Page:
Religion and Mental Health by John F. SchumakerReligion and Mental Health by John F. Schumaker

Religion and Mental Health

EditorJohn F. Schumaker

Hardcover | August 1, 1989

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This is an interdisciplinary collection of previously unpublished papers on the controversial relationship between religious behavior and mental health. Schumaker has assembled a distinguished international roster of contributors--sociologists and anthropologists as well as psychiatrists andpsychologists of religion--representing a wide range of opinions concerning the mental health implications of religious belief and practice. Taken together, the papers provide a comprehensive overview of theory and research in the field. Included are papers on the interaction of religion andself-esteem, life meaning and well-being, sexual and marital adjustment, anxiety, depression, suicide, psychoticism, rationality, self-actualization, and various patterns of anti-social behavior. Religion is also dealt with in relation to mental health of women, the elderly, and children.Contributions dealing with mental health in non-Western religious groups add an important cross-cultural dimension to the volume.
John F. Schumaker is at University of Newcastle.
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Title:Religion and Mental HealthFormat:HardcoverDimensions:336 pages, 9.57 × 6.38 × 1.26 inPublished:August 1, 1989Publisher:Oxford University Press

The following ISBNs are associated with this title:

ISBN - 10:0195069854

ISBN - 13:9780195069853

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From Our Editors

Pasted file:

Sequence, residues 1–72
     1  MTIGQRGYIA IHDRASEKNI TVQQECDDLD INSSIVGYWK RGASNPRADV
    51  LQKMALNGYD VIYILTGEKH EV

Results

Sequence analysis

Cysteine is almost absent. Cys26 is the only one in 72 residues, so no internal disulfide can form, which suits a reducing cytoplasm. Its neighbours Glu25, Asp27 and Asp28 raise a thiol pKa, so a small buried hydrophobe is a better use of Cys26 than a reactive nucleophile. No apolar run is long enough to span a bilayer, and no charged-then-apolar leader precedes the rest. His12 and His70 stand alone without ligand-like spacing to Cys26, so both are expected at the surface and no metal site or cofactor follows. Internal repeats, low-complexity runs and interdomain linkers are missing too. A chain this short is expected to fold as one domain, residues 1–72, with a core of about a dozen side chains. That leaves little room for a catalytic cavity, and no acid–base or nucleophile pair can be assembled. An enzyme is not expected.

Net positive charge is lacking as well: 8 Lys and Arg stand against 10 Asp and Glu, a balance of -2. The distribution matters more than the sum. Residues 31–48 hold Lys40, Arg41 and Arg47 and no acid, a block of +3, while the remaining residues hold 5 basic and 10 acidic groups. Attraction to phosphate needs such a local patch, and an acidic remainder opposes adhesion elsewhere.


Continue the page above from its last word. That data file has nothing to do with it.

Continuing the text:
Some argue that religious beliefs foster security of mind and mental stability, maintaining that they offer a sense of hope, meaning, and purpose; provide a reassuring fatalism that enables the believer to better withstand suffering and pain; and give people a sense of power and control through association with an omnipotent force. Others assert, however, that religious beliefs can undermine mental health in ways that include generating excessive levels of guilt, encouraging the unhealthy repression of anger, and creating anxiety and fear with threats of punishment for sinful behavior. This interdisciplinary collection presents previously unpublished papers on the controversial relationship between religious behavior and mental health. Schumaker has assembled a distinguished international roster of contributors - sociologists and anthropologists as well as psychiatrists and psychologists of religion representing a wide range of opinions concerning the mental health implications of religious belief and practice. Taken together, the papers provide a comprehensive ov

Editorial Reviews

"His careful overview of the subject will benefit newcomers to the field and provide valuable bibliographical information."--Religious Studies Review